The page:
Gravitational Waves Current Affairs - 2020

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LIGO: Second Merger of Neutron Stars detected

The LIGO (Laser Inferometer Gravitational-wave Observatory) detected gravitational waves due to collision of two neutron stars. This is the second time the gravitational waves are being detected.


The mass of the neutron stars detected is expected to be 3.3 times and 3.7 times as that of the sun. The scientists believe that the neutron stars were formed separately and drifted together to form a star pair. The neutron stars were at a distance of 520 million light years from the earth. The combined mass is the heaviest of the stars known so far.

The first neutron star detection was in 2017. However, the second event that was recorded now, is not as strong as the first.


Currently LIGO operates three gravitational wave detectors at Livingston, Louisiana and Hanford. They are located 3,000 km apart in the shape of ‘L’.

Indian Contribution

LIGO India is to come up in Maharashtra. It will aim at locating gravitational waves and their new sources.

Why is the study important?

The gravitational waves are caused by exploding stars, black holes, merging neutron stars. LIGO helps to detect these waves and analyze the information that they carry. As the waves interact very weakly with matter, they help to learn about the universe and its origin.

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2017 Nobel Prize in physics goes to the discovery of Gravitational Waves

The Royal Swedish Academy of Sciences has selected three American scientists Rainer Weiss, Barry C. Barish and Kip S. Thorne for the 2017 Nobel Prize in Physics.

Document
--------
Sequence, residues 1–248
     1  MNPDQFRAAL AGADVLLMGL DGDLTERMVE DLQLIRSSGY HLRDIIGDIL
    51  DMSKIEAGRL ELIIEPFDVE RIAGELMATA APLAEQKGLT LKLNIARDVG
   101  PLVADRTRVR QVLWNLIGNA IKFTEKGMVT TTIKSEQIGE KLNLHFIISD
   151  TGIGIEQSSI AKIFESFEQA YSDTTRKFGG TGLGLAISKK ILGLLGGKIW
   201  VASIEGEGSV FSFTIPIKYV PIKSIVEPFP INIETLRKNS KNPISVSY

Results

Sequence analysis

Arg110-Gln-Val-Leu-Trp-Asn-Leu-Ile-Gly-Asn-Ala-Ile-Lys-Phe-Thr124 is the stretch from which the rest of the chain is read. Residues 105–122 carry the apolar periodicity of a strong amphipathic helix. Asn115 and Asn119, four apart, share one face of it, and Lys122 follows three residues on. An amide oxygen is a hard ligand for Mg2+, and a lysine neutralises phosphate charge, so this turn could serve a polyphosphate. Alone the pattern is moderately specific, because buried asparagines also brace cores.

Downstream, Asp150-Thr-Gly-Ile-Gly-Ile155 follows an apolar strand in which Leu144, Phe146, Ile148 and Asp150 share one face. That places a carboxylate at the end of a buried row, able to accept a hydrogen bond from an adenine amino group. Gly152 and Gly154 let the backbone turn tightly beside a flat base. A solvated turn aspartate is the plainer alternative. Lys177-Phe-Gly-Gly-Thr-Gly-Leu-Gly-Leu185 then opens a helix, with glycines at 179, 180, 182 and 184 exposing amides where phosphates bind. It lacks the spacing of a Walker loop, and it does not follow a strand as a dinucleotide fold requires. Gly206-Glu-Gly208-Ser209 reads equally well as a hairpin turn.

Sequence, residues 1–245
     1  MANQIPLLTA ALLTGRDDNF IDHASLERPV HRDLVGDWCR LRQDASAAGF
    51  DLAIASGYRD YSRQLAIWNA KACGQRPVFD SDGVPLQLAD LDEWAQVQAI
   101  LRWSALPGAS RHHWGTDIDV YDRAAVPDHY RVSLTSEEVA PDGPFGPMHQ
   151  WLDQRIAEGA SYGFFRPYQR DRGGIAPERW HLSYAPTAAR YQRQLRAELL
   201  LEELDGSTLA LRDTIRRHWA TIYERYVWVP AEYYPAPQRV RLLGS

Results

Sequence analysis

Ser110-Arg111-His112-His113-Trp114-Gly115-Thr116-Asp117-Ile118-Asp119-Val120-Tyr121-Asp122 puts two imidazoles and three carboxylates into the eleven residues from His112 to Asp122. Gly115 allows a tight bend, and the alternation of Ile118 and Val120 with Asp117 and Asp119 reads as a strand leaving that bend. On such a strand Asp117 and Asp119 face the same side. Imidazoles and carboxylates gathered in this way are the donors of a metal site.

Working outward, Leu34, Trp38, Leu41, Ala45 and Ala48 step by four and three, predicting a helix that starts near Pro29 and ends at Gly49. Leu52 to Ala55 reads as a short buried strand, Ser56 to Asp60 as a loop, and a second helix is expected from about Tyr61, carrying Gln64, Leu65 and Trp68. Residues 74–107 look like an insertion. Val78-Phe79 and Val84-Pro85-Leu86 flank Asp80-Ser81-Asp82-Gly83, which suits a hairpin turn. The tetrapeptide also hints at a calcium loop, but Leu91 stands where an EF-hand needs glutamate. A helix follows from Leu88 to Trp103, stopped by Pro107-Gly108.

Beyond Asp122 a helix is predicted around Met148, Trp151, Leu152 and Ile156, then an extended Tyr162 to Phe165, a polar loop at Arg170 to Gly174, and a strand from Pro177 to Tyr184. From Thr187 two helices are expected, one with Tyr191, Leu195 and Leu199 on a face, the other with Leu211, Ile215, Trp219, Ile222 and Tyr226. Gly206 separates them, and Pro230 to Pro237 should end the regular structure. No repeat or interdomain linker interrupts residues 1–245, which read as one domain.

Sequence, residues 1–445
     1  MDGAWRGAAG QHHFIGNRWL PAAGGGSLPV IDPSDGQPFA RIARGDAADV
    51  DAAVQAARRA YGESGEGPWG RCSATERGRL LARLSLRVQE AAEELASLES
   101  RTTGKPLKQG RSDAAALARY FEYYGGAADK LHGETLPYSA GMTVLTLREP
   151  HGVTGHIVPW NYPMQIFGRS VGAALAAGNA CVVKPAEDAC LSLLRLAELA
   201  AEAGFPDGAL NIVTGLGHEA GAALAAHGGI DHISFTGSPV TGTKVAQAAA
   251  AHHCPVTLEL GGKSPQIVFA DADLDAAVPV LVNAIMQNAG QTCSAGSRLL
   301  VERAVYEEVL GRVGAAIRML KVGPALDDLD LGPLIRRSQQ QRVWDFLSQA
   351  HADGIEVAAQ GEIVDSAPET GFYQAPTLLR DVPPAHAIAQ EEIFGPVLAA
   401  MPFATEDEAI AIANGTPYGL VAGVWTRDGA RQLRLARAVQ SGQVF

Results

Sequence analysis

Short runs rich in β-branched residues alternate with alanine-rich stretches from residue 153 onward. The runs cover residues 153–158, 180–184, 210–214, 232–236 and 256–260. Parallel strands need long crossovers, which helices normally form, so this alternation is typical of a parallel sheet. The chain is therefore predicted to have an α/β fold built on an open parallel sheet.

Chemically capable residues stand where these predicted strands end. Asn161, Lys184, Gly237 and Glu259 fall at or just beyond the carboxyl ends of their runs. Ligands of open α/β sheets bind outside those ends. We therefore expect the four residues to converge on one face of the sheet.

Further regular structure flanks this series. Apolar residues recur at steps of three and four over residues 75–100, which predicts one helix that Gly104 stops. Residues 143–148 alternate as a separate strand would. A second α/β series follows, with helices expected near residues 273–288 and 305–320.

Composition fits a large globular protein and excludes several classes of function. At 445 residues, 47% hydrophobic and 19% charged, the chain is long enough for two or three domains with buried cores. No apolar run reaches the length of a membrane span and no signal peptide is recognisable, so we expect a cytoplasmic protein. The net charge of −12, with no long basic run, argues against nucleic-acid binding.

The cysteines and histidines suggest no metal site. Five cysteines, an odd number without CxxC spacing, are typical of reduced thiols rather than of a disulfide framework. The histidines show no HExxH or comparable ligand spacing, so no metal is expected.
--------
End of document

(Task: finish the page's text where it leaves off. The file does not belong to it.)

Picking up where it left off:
They were selected for their decisive contributions to the LIGO (Laser Interferometer Gravitational wave Observatory) detector and the observation of gravitational waves.

Dr. Weiss — born in Berlin and now a US citizen received half the prize. The remaining half was shared equally by two Caltech scientists — Dr. Barish, Professor of Physics and Dr. Thorne, Professor of Theoretical Physics

Gravitational waves

Gravitational waves are ripples curvature of spacetime which propagate as waves, travelling outward from source at the speed of light. Strongest sources of gravitational waves are among produced by catastrophic events such as colliding black holes.

Gravitational waves were first predicted in 1916 by Albert Einstein on basis of his Theory of General Relativity. They were detected  for by US LIGO laboratory in 2015. Since then three more examples have been detected.

Gravitational waves transport energy as gravitational radiation and pass through matter without interacting with it. Information extracted from gravitational waves may help to address unsolved questions and mysteries of physics and astronomy. ‎


LIGO is world’s largest gravitational wave observatory. ‎It comprises two enormous laser interferometers located thousands of kilometers apart. ‎It helps to detect and understand the origins of gravitational waves. The Interferometers used in LIGO work by merging two or more sources of light to create interference pattern, which can be measured and analyzed.

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